Gahanna City Council tonight, July 2, voted to place a city income-tax increase on the Nov. 6 ballot.

All six members who were present voted for the additional 1.0 percentage point, which would bring the city’s rate up to 2.5 percent if approved by voters.

Those present were council president Brian Larick, vice president Jamie Leeseberg and members Karen Angelou, Nancy McGregor, Stephen Renner and Michael Schnetzer.

Council member Brian Metzbower was absent.

The approved legislation states that council and the mayor have determined that it’s necessary and in the best interests of the city to place an additional 1-percentage-point levy on income earned after Jan. 1, 2019.

Gahanna’s income tax rate is 1.5 percent, with an 83.33 percent credit applied to the lesser of the tax paid to another municipality or the tax imposed by the city (1.5 percent).

If voters approve it, 75 percent of the increase would be dedicated for capital improvements, maintenance and repair of streets and other physical properties, and 25 percent would go toward general municipal operations.

Angelou said a proposed income-tax increase was brought forward by council in 2013, and she was the only one on council who opposed it.

“It wasn’t needed at the time,” she said.

A proposed city income-tax rate increase from 1.5 to 2.5 percent last failed in November 2013, with a vote of 3,883 (46.03 percent) in favor to 4,552 (53.97 percent) against it.

Since 2013, Angelou said, council has adopted strong financial policies.

“We actually showed our finances are transparent,” she said. “We have a strategic plan with outcomes supported by data. We had a performance audit, and they said this was a well-managed community.”

Angelou said the data have shown additional revenue is needed for roads and capital improvements.

“It has been five years since the 2013 initiative,” she said. “It was defeated because it was the wrong issue. It was a giant slush fund in the sky.”

Angelou said it’s now defined where the funds would go.

Despite nine years of economic growth, Schnetzer said, Gahanna faces a potential $2.6 million shortfall for 2019.

He serves as council’s finance committee chairman.

“I’ve heard loud and clear from residents that the condition of their streets and curbs is unacceptable and traffic congestion is too much to bear,” he said. “Seventy-five percent of the additional revenue accumulated will be legally restricted for use toward necessary capital projects and maintenance of the city’s core infrastructure so that residents can be assured that capital needs are met for the next 20 years.”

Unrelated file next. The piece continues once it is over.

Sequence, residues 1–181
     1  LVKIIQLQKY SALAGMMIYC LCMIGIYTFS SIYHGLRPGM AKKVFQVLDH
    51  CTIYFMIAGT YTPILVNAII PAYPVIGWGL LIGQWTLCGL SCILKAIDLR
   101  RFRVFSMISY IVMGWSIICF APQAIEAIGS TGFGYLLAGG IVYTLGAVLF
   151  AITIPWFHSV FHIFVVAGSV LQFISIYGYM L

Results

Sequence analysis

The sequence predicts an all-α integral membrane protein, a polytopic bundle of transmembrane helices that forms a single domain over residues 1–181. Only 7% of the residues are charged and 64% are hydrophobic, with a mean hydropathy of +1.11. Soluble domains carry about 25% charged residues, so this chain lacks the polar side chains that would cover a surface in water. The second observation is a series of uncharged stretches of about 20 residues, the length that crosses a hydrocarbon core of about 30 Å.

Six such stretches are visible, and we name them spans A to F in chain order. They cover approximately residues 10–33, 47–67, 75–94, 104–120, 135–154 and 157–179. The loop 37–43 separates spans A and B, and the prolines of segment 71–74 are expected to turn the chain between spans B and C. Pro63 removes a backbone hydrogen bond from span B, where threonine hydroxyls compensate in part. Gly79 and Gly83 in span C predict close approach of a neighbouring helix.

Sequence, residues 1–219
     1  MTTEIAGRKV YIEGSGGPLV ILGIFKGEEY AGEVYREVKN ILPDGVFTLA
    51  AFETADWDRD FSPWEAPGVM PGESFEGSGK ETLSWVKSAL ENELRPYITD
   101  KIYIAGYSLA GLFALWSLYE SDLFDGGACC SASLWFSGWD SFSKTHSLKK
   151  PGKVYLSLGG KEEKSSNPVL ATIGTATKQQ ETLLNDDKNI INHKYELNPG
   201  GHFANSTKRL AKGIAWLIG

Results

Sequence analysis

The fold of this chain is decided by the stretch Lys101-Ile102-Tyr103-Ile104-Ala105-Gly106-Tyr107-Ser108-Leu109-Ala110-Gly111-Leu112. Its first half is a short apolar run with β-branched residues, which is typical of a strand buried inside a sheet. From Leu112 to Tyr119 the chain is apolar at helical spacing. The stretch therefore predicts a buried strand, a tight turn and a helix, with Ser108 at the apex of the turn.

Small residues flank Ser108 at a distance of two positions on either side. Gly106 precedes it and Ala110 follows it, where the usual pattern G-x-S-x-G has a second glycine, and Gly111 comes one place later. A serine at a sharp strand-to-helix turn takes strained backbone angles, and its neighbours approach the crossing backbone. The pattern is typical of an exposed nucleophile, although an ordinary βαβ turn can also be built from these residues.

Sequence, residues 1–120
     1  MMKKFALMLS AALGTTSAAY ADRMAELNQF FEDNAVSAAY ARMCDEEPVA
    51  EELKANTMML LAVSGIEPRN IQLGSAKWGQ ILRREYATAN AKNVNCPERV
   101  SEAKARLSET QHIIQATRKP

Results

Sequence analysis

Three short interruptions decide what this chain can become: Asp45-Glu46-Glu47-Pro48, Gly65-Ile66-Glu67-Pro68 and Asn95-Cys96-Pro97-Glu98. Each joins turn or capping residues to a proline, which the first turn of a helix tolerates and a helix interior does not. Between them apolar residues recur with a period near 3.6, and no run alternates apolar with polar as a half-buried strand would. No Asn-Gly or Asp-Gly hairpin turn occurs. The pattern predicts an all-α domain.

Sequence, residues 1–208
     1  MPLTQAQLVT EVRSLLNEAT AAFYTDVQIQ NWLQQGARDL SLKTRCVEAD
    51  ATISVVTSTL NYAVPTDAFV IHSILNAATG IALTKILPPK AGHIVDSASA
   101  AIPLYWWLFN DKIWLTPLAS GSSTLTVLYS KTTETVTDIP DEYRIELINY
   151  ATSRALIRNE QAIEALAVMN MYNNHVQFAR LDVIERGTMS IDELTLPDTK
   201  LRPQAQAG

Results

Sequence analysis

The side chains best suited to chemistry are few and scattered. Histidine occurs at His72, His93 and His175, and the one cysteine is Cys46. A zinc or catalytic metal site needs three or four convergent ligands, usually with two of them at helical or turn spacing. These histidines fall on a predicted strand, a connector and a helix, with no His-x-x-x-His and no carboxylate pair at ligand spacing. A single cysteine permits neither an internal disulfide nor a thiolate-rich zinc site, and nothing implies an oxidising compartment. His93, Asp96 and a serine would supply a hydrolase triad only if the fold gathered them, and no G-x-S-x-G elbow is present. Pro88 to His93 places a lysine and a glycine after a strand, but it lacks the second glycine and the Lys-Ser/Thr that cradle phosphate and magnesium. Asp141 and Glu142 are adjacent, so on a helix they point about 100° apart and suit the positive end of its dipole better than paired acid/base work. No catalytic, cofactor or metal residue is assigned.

He said the remaining 25 percent of the revenue would be used for operations to keep safety a priority and the city competitive and vibrant.

McGregor said she’s generally not in favor of raising taxes.

“We looked at the needs of each department,” she said. “It’s abundantly clear we need funds for building and roads we don’t have.

“We’re looking at roads now that need repair, buildings falling down and leaning. There are things that need done that we don’t have funds to do.”

McGregor said it’s the voters’ decision, and the city will see what they say.

“We’ll give them the option,” she said.

Mayor Tom Kneeland thanked council for voting to place the issue on the ballot.

“I think the decision you made tonight wasn’t easy,” he said. “It’s difficult to ask people for more money. There are times when there’s no alternative.”

In order to maintain Gahanna as the community in which people want to live and businesses want to operate, Kneeland said, it’s essential to fix deteriorating streets and remain a safe community. “The Nov. 6 issue is critical for Gahanna,” he said.

mkuhlman@thisweeknews.com

@ThisWeekMarla

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Gahanna council to consider city tax hike tonight

Gahanna City Council is considering legislation this evening, July 2, that would place an issue on the Nov. 6 ballot to raise the city’s tax rate by an additional percentage point to 2.5 percent.

Proposed legislation states that council and the mayor have determined that it’s necessary and in the best interests of the city to place an additional 1-percentage-point levy on income earned on and after Jan. 1, 2019.

Gahanna’s income tax rate is 1.5 percent, with an 83.33 percent credit applied to the lesser of the tax paid to another municipality or the tax imposed by the city (1.5 percent).

If approved, 75 percent of the increase would be dedicated for capital improvements, maintenance and repair of streets and other physical properties, and 25 percent would go toward general municipal operations.

The council meeting will begin at 7 p.m. in Gahanna City Hall, 200 S. Hamilton Road.

Check ThisWeekNEWS.com for updates.

mkuhlman@thisweeknews.com

@ThisWeekMarla